A Low Glycaemic Index Diet in Pregnancy Induces DNA Methylation Variation in Blood of Newborns: Results from the ROLO Randomised Controlled Trial.
AuthorsGeraghty, Aisling A
O'Brien, Eileen C
McAuliffe, Fionnuala M
AffiliationNational Maternity Hospital Holles Street Dublin, University College Dublin, Cancer and Disease Epigenetics, Murdoch Children's Research Institute, Melbourne, Victoria, Aus, Department of Paediatrics, University of Melbourne, Victoria, Aus
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CitationGeraghty, A.A.; Sexton-Oates, A.; O’Brien, E.C.; Alberdi, G.; Fransquet, P.; Saffery, R.; McAuliffe, F.M. A Low Glycaemic Index Diet in Pregnancy Induces DNA Methylation Variation in Blood of Newborns: Results from the ROLO Randomised Controlled Trial. Nutrients 2018, 10, 455.
AbstractThe epigenetic profile of the developing fetus is sensitive to environmental influence. Maternal diet has been shown to influence DNA methylation patterns in offspring, but research in humans is limited. We investigated the impact of a low glycaemic index dietary intervention during pregnancy on offspring DNA methylation patterns using a genome-wide methylation approach. Sixty neonates were selected from the ROLO (Randomised cOntrol trial of LOw glycaemic index diet to prevent macrosomia) study: 30 neonates from the low glycaemic index intervention arm and 30 from the control, whose mothers received no specific dietary advice. DNA methylation was investigated in 771,484 CpG sites in free DNA from cord blood serum. Principal component analysis and linear regression were carried out comparing the intervention and control groups. Gene clustering and pathway analysis were also explored. Widespread variation was identified in the newborns exposed to the dietary intervention, accounting for 11% of the total level of DNA methylation variation within the dataset. No association was found with maternal early-pregnancy body mass index (BMI), infant sex, or birthweight. Pathway analysis identified common influences of the intervention on gene clusters plausibly linked to pathways targeted by the intervention, including cardiac and immune functioning. Analysis in 60 additional samples from the ROLO study failed to replicate the original findings. Using a modest-sized discovery sample, we identified preliminary evidence of differential methylation in progeny of mothers exposed to a dietary intervention during pregnancy.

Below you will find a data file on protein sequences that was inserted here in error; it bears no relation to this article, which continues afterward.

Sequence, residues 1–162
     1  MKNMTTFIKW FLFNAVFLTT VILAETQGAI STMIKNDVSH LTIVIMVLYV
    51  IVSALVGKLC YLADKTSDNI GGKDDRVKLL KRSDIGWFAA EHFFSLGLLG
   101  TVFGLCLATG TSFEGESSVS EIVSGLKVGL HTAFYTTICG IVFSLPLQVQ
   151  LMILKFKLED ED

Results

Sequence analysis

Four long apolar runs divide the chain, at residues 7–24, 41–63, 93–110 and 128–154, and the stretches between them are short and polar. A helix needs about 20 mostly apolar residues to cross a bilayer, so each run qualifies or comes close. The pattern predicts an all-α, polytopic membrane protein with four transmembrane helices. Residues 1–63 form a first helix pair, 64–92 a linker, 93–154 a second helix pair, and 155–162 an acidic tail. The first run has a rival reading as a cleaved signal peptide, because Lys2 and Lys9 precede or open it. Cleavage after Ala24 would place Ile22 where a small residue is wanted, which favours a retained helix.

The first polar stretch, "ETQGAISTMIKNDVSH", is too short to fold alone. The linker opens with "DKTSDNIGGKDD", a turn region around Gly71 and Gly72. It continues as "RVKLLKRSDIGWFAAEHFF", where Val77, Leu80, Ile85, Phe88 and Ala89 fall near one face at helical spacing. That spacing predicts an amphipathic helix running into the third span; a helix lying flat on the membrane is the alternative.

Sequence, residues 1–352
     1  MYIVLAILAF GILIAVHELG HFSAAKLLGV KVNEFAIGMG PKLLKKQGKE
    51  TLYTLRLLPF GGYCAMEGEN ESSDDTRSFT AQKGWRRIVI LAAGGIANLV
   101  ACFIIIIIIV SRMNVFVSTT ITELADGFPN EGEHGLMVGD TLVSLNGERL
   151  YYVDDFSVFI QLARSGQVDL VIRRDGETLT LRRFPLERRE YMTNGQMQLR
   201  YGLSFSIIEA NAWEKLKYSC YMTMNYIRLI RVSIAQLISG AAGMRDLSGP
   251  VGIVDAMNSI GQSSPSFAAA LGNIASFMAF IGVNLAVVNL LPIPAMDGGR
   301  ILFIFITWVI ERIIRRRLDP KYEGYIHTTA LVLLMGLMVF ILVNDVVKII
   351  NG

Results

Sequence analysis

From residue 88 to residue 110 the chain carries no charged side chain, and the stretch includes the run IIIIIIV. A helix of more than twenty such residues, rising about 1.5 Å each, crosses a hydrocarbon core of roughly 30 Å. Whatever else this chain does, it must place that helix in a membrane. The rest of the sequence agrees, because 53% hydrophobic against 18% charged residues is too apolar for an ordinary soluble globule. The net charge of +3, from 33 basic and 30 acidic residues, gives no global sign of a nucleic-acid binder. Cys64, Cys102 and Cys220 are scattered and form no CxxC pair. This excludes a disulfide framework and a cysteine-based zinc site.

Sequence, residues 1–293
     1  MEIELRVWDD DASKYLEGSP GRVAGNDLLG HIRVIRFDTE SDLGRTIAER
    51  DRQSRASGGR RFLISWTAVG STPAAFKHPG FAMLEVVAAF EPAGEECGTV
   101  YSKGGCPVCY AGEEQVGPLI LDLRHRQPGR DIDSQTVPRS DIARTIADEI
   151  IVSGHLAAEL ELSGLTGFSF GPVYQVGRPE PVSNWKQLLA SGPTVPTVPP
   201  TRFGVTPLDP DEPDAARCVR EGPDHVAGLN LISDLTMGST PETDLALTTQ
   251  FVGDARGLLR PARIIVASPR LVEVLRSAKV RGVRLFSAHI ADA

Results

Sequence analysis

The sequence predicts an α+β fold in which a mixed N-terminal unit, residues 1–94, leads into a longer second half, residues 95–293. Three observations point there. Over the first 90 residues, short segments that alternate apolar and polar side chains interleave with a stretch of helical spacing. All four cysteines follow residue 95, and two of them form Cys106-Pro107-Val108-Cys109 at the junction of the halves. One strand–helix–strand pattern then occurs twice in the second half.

SponsorsThis study was supported by the Health Research Board Ireland, Health Research Centre for Health and Diet Research, The National Maternity Hospital Medical Fund, and the European Union’s Seventh Framework Programme (FP7/2007-2013), project EarlyNutrition under grant agreement No. 289346. Richard Saffery is supported by a National Health and Medical Research Council (Australia) Senior Research Fellowship and the Victorian Government Operational Infrastructure support scheme.
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